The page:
Over this past summer I had a bit of an ah-ha moment.
For a current student of mine, taking lessons with me was the first time she received instruction from a bassoon player. Her mother informed me that the wonderful band teacher had done a lot to help her daughter come this far, however, he ultimately suggested that she take lessons with someone more familiar with the instrument. Reflecting back on to my own middle school experience, I distinctly remember my band teacher's initial reaction of "Bassoon, well good for you!” The second thing, that facial expression of realizing he had no clue how to proceed. Now, I know why he had this reaction - the bassoon is not easy to pick up, and is even harder to teach.
So, for those band/orchestra teachers who chose the oboe over bassoon in methods class, or never really bonded with the instrument in the first place, here are a few tidbits to help you review your bassoon basics.
1.) Reeds - Ah, the dreaded reed.
The best initial option for obtaining student reeds is to send them to a local bassoonist to see if they can purchase reeds from an experienced player. Typically, bassoonists will have a few reeds sitting around for that exact purpose. These reeds will last a fairly long time and will play right from the start (no whittling/sanding).
Next option - there are plenty of companies that sell reeds with a huge number of reed types and prices ranging from $15-$20 a piece. However, the number of options and costs can overwhelm a beginning student. So, yes, students can initially purchase reeds from generic music stores - I recommend medium soft or medium hard. Generally, you won’t be doing much to "fix" or "alter" reeds yourself, however, there are some things that you can look for and address (should your student comes to you in tears).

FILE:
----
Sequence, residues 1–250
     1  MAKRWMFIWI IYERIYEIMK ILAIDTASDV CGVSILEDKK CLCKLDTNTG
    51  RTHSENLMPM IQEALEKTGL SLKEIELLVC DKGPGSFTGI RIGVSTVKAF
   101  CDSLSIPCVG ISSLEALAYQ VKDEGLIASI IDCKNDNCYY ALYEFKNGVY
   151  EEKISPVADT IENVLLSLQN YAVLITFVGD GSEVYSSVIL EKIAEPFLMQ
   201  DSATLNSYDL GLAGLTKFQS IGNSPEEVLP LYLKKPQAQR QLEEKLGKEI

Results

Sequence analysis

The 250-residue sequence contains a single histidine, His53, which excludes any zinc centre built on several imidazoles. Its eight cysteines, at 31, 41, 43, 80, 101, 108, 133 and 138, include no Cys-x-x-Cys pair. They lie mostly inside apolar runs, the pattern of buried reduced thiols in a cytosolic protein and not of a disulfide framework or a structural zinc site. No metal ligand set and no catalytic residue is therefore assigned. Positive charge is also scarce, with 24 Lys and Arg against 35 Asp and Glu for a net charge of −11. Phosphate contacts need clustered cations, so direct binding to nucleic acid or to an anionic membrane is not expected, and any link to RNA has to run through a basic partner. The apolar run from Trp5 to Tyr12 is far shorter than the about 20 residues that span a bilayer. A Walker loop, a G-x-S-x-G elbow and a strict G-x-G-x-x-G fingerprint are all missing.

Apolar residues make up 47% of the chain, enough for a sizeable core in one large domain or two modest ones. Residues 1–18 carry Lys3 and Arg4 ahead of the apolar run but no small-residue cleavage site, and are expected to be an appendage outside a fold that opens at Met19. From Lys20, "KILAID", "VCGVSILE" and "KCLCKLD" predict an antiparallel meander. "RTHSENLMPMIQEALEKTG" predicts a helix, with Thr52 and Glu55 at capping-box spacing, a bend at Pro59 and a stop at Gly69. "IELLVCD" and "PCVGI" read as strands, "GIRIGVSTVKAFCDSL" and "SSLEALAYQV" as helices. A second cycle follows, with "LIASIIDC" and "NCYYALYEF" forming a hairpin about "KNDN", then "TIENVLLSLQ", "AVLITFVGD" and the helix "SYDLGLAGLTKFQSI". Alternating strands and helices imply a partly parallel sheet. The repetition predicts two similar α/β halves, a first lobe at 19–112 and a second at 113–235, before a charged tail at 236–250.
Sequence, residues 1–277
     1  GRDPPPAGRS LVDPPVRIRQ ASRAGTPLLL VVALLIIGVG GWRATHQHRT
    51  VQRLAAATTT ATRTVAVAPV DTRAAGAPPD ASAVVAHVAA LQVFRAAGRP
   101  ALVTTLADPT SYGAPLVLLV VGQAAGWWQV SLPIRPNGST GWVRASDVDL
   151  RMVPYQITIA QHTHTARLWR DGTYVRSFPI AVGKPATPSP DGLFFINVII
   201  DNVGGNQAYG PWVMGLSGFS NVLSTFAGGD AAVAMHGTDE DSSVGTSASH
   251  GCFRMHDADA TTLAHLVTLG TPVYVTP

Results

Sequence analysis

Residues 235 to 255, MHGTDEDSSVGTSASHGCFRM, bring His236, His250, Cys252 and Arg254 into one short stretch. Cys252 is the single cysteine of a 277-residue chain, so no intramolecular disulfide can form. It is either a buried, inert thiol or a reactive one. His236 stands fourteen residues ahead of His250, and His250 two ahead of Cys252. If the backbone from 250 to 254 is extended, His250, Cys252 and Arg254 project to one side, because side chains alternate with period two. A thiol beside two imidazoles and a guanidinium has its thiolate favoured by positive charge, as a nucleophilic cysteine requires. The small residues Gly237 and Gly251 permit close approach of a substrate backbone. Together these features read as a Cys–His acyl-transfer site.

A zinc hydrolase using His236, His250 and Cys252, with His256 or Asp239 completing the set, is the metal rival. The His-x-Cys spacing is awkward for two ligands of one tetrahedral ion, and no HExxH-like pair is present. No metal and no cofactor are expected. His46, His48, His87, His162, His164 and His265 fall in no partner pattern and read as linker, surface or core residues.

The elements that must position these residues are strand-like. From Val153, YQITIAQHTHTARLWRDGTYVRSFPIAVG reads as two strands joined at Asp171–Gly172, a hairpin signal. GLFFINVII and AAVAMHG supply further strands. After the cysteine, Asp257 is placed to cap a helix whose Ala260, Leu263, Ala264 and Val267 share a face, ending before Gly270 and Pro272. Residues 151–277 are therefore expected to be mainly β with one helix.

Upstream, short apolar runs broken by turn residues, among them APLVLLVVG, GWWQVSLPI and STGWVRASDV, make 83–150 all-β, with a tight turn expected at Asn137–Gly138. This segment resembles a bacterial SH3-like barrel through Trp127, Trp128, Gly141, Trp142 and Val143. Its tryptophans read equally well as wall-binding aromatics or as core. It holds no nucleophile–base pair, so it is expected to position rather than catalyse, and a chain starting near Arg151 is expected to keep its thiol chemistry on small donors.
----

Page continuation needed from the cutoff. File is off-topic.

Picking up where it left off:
Soaking - Your students should be soaking the entire reed in a container of water for 5 minutes before playing. Simply wetting reeds in their mouths won’t do the trick and will also shorten the life span of the reed. Mention to the student they should change the water daily and wash the container weekly. Students shouldn't keep an extra reed in water during an entire rehearsal as it will get waterlogged and not want to play at all. Note: This is different from oboes, who only soak the cane but not the cork or metal (staple).
Mold - Yes, mold happens on reeds, and it is gross. Honestly, there is not much that can be done once a reed is moldy, but there are a few things to prevent it. Make sure the students are NOT storing reeds in the little plastic tubes they come in. They should have a reed case (even if it’s a paper napkin-lined Altoids case) with holes for ventilation.
Thread/Wires - If the bulb of thread at the end of the reed (turban) is falling off or the wires have fallen out of place, that means it hasn’t been properly soaked in a while. You can easily shift these back into place (here’s a picture for reference). Then have the student soak it for 20 minutes.
2.) Putting it Together - So many parts!
Which joint goes where and in what order? This YouTube video from a University of Texas bassoon professor goes through the process step-by-step. It’s quite helpful.
A few things I want to emphasize:
Bocal - The metal bocal is truly fragile. Take note when putting this in to hold it at the curve (closest to the instrument) and wiggle back and forth. If the cork squeaks, put cork grease on it before going any further. Bocals are costly, ranging between $500-$1000 AND they can be bent super easily.
Keys - Try to put most of the pressure and grip on the wood side of the instrument when putting it together. There are a lot of keys, so it’s hard to miss them all, but at least avoid the long metal bars as much as possible.
3.) Carrying - This actually matters a lot with the bassoon.
Due to weather conditions and changes (humidity, temperature), the instrument's joints can go from being super swollen to loose fitting and back again. When students carry the instrument, make sure they use two hands ensuring one hand is on the boot (the lowest joint). They should NEVER lift the instrument by the bell, not even to move it a little bit. The bell will most likely lift right off and the bassoon will topple over - never good. Note: If the bassoon needs to be carried from back stage or longer distances, remove the bocal. It can placed into the bell upside. It’s noisy, but will save from a student getting their eye poked or the bocal being bent if it hits something (or someone).
4.) Seat Straps - supporting the instrument